ISSN (Print) - 0012-9976 | ISSN (Online) - 2349-8846

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Will GST Exacerbate Regional Divergence?

This article analyses the extent of regional disparities in income per capita in India, considering both disparities amongst and within major states. For within-state inequality, this article is the first to use a “nightlights” luminosity data set as a proxy for gross domestic product per capita, whereas the choice of a crisper data set, comprising the 12 largest states, yields sharper results than in previous literature. It concludes with a cautionary note on the goods and services tax, which, contrary to the optimists, is likely to further exacerbate, rather than ameliorate, regional income disparities, marking the need for a turn to “place-based” economic policies.

The advent of the goods and services tax (GST) has been heralded by its proponents as a game-changing economic reform which will help stitch the nation into a genuine single market and provide a boost to gross domestic product (GDP) and possibly its growth rate. Yet, we caution that India has adopted GST in a context of large and widening regional economic disparities, both across, and within, major states. While optimists believe that the GST may narrow those gaps, there are reasons for concern that these gaps may actually be widened further. It is entirely plausible that with reduced policy levers (in terms of tax policy) at the level of the states, together with the existence of agglomeration economies and network effects, could actually exacerbate regional inequality.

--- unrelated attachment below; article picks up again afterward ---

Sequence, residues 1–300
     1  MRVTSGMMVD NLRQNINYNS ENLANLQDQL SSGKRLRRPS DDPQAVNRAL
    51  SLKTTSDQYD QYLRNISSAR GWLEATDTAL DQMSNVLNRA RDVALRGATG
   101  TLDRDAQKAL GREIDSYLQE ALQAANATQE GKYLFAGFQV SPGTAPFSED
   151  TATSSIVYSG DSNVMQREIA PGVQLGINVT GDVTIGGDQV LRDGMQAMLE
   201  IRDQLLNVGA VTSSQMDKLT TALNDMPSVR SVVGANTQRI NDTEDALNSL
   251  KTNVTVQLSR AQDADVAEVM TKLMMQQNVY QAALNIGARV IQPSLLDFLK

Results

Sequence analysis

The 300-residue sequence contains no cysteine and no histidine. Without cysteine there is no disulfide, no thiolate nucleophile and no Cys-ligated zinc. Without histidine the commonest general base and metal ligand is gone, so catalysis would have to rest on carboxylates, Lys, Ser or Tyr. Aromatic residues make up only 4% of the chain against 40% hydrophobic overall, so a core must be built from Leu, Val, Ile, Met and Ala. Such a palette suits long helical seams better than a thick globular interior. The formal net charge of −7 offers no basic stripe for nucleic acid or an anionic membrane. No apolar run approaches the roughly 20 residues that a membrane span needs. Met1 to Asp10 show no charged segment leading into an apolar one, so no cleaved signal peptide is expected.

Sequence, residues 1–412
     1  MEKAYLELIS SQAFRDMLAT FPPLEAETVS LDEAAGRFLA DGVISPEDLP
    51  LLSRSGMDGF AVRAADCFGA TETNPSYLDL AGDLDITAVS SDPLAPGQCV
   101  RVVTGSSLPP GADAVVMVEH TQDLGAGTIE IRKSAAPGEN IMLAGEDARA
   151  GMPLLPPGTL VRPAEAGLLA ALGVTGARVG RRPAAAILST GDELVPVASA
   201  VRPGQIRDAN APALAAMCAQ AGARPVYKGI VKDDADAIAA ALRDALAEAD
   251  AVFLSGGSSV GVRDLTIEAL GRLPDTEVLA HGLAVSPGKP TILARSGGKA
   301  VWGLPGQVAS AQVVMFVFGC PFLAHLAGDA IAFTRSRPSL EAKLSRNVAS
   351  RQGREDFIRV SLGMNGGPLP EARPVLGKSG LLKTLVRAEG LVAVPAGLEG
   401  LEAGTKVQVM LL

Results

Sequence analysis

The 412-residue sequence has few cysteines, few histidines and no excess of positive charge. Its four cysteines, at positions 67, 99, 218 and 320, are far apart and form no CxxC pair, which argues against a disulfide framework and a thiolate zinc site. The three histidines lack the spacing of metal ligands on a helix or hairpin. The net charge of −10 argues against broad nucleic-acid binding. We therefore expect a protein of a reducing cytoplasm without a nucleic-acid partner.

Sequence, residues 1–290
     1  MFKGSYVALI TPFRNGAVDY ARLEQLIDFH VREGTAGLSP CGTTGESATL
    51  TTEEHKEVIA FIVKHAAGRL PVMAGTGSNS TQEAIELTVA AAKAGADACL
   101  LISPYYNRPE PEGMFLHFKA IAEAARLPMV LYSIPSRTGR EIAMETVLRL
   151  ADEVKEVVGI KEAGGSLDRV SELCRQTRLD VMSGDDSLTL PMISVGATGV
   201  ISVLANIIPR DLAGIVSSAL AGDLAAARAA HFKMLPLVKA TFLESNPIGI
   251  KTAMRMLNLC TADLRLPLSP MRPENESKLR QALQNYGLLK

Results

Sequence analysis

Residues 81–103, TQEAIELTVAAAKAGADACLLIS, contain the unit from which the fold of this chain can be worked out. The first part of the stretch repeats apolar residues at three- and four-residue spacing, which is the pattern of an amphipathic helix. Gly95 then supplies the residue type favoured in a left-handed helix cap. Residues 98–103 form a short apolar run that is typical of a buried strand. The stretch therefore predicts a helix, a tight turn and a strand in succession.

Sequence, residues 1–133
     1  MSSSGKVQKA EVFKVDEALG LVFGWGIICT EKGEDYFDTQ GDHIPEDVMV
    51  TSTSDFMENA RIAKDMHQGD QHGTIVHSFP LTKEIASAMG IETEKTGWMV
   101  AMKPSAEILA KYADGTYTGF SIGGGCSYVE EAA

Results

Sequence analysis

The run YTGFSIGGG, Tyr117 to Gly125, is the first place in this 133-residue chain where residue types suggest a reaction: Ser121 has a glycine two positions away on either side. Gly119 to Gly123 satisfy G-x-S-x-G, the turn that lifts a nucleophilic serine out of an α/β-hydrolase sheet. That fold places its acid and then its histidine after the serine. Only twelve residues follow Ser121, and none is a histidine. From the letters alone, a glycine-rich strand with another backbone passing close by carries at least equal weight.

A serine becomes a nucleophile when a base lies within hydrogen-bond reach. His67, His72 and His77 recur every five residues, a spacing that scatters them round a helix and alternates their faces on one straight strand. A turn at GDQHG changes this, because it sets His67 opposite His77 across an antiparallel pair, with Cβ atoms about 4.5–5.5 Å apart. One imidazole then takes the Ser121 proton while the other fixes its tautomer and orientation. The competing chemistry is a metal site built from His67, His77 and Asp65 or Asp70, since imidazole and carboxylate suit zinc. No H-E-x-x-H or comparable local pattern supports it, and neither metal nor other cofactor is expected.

It is in this context that this article revisits the research on regional income convergence and divergence, deploying a novel methodology and new data. Our main findings, that disparity in income per person both across and within major states, is skyrocketing, gives us reason to be cautious in asserting that the GST will ameliorate, rather than exacerbate, these trends of dangerous divergence.

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Updated On : 11th Jul, 2017


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